I've always been intrigued by common-mode noise, as it seems to be such a pertinent issue when it comes to op-amps, chokes, etc. used as solutions to remove it.

I understand from a digital signal point of view (as explained very well here) why it is a bad thing, as on a differential pair it means the differential voltage (V+ - V-) taken at the receiver will bounce and fluctuate around some value (the common-mode voltage), when you would in reality want this to be stable.

What I still haven't quite understood is why it is a bad thing on power lines (mainly low voltage ones, not really talking about mains voltage here but I suppose it's the same deal). Like such, consider a power supply (maybe even isolated) that has an output of 24V. It is fairly common from the designs I have seen to use a choke on the output:

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What exactly would this achieve? I could be wrong but no matter what the common-mode noise is, the device being powered won't care as the only voltage that matters is the differential voltage relative between the two rails. I.e. at an instance of time, say the common-mode noise is rapidly bouncing between -10V and +3.5V. The rails (Vcc, GND) will be bouncing between (14V, -10V) and (27.5V, 3.5V), which still leaves the differential at (14 - -10) (27.5-3.5) 24V in either extreme (duh).

So, why is the choke helpful at all?

They have a whole category on Digi-Key ("Common Mode Chokes > Power Line"), so surely there is some reason they are used.

  • \$\begingroup\$ Well, you could look at it like this: If I inject the noise equal to opposite on the other power rail, it transforms the noise from common to differential so it will be nulled at the circuits. \$\endgroup\$
    – drtechno
    May 1 '18 at 11:51

Why is common-mode noise on a power line bad?

Say you have 100 mV p-p at 100 kHz common mode voltage on the output of a power supply that feeds a target circuit. If that circuit was totally isolated from earth in all its nodes then there would be no problem.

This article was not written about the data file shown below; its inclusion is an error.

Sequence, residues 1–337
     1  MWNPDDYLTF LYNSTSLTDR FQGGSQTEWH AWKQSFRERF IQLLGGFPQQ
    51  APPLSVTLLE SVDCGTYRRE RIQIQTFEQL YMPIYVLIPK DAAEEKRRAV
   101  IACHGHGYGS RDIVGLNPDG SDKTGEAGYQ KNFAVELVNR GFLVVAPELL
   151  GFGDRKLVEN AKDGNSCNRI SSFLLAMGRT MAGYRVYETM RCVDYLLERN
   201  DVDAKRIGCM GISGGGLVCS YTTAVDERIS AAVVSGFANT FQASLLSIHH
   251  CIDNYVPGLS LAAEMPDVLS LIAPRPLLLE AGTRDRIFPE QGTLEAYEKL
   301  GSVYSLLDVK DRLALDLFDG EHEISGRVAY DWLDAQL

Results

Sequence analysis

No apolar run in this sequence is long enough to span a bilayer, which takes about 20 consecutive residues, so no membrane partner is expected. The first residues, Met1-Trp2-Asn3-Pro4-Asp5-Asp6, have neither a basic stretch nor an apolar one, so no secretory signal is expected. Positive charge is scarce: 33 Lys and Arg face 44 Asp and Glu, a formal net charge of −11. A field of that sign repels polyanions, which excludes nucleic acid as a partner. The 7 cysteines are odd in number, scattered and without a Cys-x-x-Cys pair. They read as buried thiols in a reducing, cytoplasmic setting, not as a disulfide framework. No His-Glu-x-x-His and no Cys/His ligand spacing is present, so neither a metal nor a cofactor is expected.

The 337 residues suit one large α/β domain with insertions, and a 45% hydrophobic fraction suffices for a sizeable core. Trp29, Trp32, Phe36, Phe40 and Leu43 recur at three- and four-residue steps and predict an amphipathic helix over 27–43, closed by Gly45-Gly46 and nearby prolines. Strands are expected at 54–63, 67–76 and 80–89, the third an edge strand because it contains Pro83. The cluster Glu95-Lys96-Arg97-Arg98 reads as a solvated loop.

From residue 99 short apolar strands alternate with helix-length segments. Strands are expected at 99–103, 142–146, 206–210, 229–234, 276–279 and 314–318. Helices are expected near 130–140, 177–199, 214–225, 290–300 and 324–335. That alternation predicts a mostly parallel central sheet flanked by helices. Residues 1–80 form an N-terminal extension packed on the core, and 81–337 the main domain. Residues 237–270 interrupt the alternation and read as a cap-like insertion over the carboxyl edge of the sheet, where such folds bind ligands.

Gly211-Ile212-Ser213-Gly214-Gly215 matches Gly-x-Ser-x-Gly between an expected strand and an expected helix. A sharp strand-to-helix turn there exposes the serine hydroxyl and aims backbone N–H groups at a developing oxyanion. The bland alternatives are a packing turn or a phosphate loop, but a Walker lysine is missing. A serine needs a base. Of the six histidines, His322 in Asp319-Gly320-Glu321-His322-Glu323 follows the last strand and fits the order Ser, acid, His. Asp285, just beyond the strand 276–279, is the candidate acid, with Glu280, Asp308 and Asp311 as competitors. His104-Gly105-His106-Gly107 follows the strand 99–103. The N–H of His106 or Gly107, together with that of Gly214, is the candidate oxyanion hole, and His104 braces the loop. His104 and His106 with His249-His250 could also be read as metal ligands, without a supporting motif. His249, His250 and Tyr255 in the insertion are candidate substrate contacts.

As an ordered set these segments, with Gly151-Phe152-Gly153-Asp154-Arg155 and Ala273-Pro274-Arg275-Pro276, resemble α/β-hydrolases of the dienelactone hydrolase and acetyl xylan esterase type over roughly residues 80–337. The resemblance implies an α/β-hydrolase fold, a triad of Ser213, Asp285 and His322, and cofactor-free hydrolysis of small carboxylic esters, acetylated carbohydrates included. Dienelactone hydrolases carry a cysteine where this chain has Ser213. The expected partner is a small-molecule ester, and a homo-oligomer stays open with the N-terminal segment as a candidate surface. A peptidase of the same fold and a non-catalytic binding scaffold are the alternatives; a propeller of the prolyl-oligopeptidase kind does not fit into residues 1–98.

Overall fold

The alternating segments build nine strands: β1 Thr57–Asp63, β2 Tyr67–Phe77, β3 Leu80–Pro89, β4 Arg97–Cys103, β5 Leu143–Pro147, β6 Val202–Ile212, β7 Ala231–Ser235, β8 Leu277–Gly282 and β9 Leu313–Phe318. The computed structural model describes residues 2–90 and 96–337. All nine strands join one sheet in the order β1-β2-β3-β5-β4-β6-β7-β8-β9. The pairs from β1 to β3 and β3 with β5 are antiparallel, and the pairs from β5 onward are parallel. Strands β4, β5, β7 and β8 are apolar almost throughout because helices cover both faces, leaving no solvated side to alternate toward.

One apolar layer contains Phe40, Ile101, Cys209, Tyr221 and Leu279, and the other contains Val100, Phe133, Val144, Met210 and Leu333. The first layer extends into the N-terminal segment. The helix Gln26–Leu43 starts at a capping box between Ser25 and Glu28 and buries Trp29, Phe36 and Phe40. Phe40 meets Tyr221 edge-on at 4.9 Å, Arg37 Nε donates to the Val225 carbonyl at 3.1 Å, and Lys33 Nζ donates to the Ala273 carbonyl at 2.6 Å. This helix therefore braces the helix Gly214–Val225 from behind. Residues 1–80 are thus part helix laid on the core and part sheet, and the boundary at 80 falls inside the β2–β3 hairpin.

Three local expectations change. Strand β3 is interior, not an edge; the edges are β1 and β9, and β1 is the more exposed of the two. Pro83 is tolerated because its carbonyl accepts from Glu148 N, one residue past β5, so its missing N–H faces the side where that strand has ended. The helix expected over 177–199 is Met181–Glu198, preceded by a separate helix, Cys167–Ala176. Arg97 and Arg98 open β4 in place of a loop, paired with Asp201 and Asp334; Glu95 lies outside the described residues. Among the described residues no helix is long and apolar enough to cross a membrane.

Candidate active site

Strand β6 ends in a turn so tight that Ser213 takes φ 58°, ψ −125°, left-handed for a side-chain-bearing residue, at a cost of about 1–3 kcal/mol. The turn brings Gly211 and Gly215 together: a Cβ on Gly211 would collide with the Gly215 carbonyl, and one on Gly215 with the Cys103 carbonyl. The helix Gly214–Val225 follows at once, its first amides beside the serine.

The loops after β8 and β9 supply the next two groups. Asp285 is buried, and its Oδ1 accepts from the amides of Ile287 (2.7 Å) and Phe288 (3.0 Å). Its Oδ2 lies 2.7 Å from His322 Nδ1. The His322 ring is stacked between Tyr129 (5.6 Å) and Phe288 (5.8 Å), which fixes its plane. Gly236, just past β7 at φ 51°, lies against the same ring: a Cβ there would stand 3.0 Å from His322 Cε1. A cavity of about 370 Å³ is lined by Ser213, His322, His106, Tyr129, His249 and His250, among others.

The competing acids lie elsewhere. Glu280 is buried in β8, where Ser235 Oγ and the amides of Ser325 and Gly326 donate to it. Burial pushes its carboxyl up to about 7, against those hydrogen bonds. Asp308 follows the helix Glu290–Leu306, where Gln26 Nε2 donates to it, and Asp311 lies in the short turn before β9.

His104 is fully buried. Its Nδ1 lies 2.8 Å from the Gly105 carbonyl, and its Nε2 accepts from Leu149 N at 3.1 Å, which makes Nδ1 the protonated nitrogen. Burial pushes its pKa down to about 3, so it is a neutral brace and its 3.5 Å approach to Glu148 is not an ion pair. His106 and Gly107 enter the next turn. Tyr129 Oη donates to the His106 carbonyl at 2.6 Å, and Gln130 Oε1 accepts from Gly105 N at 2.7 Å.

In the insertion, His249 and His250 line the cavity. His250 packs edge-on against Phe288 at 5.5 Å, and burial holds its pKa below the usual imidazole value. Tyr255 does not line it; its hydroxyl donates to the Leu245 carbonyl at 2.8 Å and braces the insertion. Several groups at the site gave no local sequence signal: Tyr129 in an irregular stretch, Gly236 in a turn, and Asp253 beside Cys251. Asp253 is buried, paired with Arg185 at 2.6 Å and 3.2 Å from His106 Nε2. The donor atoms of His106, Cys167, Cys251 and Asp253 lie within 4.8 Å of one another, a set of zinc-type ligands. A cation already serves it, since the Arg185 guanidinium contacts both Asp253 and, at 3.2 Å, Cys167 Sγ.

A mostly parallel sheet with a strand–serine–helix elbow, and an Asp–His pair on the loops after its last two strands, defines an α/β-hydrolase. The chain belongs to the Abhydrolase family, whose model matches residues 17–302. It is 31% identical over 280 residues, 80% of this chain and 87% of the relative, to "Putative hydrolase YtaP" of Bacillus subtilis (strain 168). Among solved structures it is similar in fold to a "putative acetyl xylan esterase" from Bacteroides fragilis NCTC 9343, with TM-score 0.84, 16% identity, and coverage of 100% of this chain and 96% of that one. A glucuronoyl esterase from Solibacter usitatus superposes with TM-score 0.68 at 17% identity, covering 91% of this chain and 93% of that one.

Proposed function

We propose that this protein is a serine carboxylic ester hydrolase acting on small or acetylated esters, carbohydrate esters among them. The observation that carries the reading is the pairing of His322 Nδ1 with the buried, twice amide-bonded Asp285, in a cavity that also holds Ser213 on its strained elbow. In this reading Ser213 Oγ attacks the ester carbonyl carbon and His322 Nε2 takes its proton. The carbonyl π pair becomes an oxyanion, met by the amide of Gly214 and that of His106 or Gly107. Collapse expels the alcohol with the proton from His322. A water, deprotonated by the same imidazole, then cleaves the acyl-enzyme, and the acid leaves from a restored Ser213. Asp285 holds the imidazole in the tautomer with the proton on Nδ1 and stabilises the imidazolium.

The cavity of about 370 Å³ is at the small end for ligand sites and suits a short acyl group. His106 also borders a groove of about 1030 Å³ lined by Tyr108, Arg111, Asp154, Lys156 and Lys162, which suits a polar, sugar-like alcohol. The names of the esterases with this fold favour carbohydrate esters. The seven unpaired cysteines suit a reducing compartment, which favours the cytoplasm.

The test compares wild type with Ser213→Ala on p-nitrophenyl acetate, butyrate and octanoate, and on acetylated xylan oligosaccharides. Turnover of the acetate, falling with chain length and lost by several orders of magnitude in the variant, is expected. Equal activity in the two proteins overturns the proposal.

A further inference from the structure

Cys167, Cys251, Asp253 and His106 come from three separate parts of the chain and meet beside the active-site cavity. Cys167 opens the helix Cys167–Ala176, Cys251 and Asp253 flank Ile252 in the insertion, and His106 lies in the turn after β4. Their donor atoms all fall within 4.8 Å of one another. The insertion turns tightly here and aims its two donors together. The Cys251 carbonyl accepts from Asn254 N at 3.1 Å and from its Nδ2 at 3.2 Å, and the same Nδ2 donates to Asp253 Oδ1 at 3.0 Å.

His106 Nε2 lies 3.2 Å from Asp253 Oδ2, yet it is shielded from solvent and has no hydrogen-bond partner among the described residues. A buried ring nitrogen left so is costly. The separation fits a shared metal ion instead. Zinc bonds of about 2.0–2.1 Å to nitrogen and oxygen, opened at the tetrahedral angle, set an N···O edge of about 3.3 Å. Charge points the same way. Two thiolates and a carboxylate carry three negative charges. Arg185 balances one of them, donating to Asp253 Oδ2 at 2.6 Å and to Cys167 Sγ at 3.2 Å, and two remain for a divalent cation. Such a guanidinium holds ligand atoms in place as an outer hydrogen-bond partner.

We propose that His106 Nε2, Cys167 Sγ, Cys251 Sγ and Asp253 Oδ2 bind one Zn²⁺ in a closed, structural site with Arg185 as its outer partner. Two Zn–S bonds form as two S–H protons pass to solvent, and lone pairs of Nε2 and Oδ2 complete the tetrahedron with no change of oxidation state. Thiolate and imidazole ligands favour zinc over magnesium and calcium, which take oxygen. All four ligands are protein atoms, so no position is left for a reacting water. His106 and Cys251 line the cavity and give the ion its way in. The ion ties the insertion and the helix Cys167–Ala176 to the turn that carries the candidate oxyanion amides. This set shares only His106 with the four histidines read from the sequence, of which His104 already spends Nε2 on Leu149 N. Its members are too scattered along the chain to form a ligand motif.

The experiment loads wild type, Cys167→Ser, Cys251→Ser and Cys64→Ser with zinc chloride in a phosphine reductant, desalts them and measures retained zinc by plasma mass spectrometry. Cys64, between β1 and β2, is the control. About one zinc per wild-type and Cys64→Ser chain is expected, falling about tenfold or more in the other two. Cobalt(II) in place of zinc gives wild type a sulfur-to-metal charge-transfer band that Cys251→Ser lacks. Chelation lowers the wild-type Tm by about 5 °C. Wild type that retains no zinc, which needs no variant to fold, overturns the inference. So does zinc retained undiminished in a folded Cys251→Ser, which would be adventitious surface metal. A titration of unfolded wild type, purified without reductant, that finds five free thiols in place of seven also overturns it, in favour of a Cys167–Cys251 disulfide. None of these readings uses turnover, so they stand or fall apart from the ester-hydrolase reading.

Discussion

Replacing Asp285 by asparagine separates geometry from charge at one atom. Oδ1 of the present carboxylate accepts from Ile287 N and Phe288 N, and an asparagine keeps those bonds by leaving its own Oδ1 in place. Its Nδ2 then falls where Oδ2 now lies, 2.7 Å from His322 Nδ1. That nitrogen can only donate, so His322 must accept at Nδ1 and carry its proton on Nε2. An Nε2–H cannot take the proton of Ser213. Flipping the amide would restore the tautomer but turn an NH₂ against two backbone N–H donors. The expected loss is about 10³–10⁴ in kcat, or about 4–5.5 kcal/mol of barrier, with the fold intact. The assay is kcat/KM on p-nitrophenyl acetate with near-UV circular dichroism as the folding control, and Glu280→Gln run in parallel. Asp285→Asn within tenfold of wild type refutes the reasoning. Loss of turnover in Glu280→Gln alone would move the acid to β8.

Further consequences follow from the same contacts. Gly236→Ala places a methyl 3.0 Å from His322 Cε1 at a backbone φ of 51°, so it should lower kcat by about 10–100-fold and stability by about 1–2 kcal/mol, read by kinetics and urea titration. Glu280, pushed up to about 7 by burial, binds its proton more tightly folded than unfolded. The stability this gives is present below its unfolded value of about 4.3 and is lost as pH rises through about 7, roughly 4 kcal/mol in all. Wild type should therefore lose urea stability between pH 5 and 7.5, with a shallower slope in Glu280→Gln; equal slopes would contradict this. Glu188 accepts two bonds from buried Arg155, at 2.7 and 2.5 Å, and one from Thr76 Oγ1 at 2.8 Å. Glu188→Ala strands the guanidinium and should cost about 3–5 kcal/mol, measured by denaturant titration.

However, just think about what a CM voltage is - it's the same voltage on both lines but with respect to earth. The device connected to the power supply might be quite sensitive and even though it may not be intentionally connected to earth, different nodes of that circuit will have capacitance to earth and if all nodes have exactly the same capacitance to earth then again, there will be no problem.

What are the chances that the target circuit has all its nodes isolated from earth and all its nodes have the same capacitive impedance to earth?

  • \$\begingroup\$ Lovely answer. Thanks. Still new to isolated power supplies, and always forget about incidental capacitive coupling to earth in all circuits (especially if its high-frequency CMV, as the capacitive impedance will be small etc.). \$\endgroup\$
    – DSWG
    May 1 '18 at 23:03

It doesn't necessarily improve the operation of the device itself at all.

It does reduce the emission of RF by the device, conducted down the power line. So it does improve the operation of other, RF sensitive devices around it.

If it was a sensitive device, then it might also improve its robustness to interference received on the power line.


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